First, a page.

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Virtual Forum
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Land Education, Place, and Climate Justice in Early Childhood

Wednesday, April 28, 2021 • 8:00 PM – 9:30 PM Eastern (New York)

Thursday, 29 April, 2021 • 10:00-11:30 AM Australian Eastern Time

The second event in RECE’s (In)justices and Counteractions in Early Childhood Contexts virtual engagement series. This event will cover issues and concerns with Land Education, Place, and Climate Justice as they relate to and are impacted by early childhood practices and everyday activisms. This conversation is a space for minoritised perspectives in political, social, and educational contexts to take root. Central to this discussion is embedding and foregrounding Indigenous, kinship and climate perspectives and relationalities as more than just some alternative, but rather, essential ways to understand the world.

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This 90-minute discussion with Diana Gómez, Anna Lees, Jenny Ritchie, Catherine Hamm and Jeanne Marie Iorio will be moderated by Megan Bang and will include an audience Q & A at the end. A 30-minute informal “salon” conversation session with the audience will immediately follow the formal program

Dr. Megan Bang

Megan Bang (Illinois, USA)

Chair and Moderator

Dr. Megan Bang (Ojibwe and Italian descent) is a Professor of the Learning Sciences and Psychology at Northwestern University and is the Senior Vice President at the Spencer Foundation. Dr. Bang studies dynamics of culture, learning, and development across the life course. She is particularly interested in knowledge organization, reasoning, and decision-making about complex socio-ecological systems and their intersections with identity, cultural variation, history and power. She conducts research in schools, informal learning environments, and everyday community contexts with people and places across the life course. She engages in foundational cognitive studies as well as participatory design experiments that aim to create and implement more effective and just learning environments, especially focused on science. Dr. Bang’s design work has been focused on intergenerational place based (field-based) learning environments, often to contribute to Indigenous resurgence, through STEAM and has studied teacher practice and student learning in such environments. Further, Dr. Bang has engaged in a range of related scholarship with respect to family and community engagement and leadership. She is a teacher educator and engages in the professional development of education leaders. She is a former pre-school teacher, middle-school and high-school teacher. Dr. Bang is a member of the National Academies of Education, she serves on the Board of Science Education at the National Academy of Sciences, and NSF’s Education and Human Resources Advisory Committee and NSF’s Advisory Committee for Environmental Research and Education. She is a mother, auntie, grandmother, sister, daughter, and cousin.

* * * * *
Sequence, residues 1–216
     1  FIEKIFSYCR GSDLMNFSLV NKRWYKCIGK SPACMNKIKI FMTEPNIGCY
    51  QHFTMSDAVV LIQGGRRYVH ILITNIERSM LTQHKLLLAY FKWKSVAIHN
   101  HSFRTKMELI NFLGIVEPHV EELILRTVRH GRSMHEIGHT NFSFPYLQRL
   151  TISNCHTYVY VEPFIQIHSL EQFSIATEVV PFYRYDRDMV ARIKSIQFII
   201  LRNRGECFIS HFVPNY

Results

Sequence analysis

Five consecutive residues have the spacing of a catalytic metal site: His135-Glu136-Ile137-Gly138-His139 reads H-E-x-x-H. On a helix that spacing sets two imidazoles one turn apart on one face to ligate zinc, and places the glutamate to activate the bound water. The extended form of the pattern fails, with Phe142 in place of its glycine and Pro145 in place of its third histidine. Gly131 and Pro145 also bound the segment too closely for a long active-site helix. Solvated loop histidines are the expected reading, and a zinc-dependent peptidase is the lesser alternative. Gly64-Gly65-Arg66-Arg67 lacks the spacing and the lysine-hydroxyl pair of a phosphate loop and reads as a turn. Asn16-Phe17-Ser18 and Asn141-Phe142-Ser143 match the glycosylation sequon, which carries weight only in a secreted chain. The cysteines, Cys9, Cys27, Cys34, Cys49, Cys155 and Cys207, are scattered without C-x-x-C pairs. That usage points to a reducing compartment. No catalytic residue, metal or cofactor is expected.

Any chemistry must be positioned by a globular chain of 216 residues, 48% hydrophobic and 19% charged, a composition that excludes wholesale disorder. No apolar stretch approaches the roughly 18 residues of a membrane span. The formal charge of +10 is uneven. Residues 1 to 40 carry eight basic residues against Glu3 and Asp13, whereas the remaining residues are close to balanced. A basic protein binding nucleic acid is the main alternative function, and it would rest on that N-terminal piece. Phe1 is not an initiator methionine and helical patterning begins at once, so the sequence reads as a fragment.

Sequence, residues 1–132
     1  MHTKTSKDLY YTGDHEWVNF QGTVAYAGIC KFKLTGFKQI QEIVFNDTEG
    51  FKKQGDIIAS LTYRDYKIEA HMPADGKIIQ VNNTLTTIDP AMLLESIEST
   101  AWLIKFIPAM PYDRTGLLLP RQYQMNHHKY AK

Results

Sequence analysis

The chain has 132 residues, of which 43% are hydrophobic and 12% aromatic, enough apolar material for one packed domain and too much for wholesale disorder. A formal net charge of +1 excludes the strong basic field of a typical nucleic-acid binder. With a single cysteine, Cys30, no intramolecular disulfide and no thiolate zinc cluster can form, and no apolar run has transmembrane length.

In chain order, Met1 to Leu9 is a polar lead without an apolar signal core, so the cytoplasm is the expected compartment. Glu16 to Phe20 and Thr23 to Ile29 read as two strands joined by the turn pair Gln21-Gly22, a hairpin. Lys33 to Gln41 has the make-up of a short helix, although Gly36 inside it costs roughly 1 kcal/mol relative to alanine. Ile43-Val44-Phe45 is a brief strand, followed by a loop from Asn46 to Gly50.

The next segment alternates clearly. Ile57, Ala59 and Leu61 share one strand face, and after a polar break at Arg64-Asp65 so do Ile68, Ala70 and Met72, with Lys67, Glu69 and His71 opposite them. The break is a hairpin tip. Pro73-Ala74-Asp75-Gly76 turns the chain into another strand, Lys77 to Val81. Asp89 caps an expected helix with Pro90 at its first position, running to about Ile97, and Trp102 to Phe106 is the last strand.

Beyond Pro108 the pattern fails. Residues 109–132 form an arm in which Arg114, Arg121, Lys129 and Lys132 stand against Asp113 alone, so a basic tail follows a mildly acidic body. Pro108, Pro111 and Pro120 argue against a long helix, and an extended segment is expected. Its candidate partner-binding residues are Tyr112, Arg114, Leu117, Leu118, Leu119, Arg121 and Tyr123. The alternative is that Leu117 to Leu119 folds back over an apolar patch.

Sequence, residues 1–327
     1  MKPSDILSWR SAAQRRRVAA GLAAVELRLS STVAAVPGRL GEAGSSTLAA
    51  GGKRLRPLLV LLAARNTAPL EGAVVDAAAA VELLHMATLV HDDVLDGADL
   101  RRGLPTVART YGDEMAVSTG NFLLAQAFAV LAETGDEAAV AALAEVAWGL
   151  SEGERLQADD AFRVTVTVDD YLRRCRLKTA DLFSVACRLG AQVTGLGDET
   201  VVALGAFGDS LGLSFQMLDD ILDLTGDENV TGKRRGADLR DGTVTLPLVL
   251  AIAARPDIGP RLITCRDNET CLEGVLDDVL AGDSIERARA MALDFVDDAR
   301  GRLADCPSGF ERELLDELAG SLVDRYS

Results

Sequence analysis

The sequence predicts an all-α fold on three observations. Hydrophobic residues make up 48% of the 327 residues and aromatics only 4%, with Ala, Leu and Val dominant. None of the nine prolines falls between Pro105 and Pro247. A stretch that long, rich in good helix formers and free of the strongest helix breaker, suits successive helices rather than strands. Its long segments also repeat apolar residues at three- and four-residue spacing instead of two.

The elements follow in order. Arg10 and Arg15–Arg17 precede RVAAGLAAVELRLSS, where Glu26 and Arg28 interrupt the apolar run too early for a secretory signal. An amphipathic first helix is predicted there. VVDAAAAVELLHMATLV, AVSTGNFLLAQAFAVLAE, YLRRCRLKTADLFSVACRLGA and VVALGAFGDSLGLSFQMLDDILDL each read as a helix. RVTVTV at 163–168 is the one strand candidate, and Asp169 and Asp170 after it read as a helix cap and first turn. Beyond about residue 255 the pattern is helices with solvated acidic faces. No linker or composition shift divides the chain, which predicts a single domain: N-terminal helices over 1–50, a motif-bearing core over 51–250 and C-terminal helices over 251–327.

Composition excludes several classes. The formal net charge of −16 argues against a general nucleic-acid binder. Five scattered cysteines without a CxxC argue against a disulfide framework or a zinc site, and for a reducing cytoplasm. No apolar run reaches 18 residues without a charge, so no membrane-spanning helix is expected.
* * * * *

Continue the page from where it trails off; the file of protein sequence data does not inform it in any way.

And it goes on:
Dr. Diana Gomez

Diana Gómez (Bogotá, Colombia)

Diana Gómez is a PhD researcher and scholarship holder at the Early Childhood Research Centre, which is part of the Institute of Education at Dublin City University. She holds a Magister degree in Education from the National University of Colombia. Her PhD research is focused on integrated early childhood policies with comunidades campesinas (peasant communities) in Colombia. Her investigation is grounded in the conceptual and methodological approach of the social constructions of childhood, children’s geographies and epistemologies of the South. Diana is also a member of the interdisciplinary Research Group ‘Cognición y lenguaje en la infancia’ at National University of Colombia, where she has engaged in community-based research in collaboration with ECEC practitioners, primary school teachers, communities, families, and children. Likewise, Diana has participated in the elaboration of consultancy documents for ECEC policies in Colombia.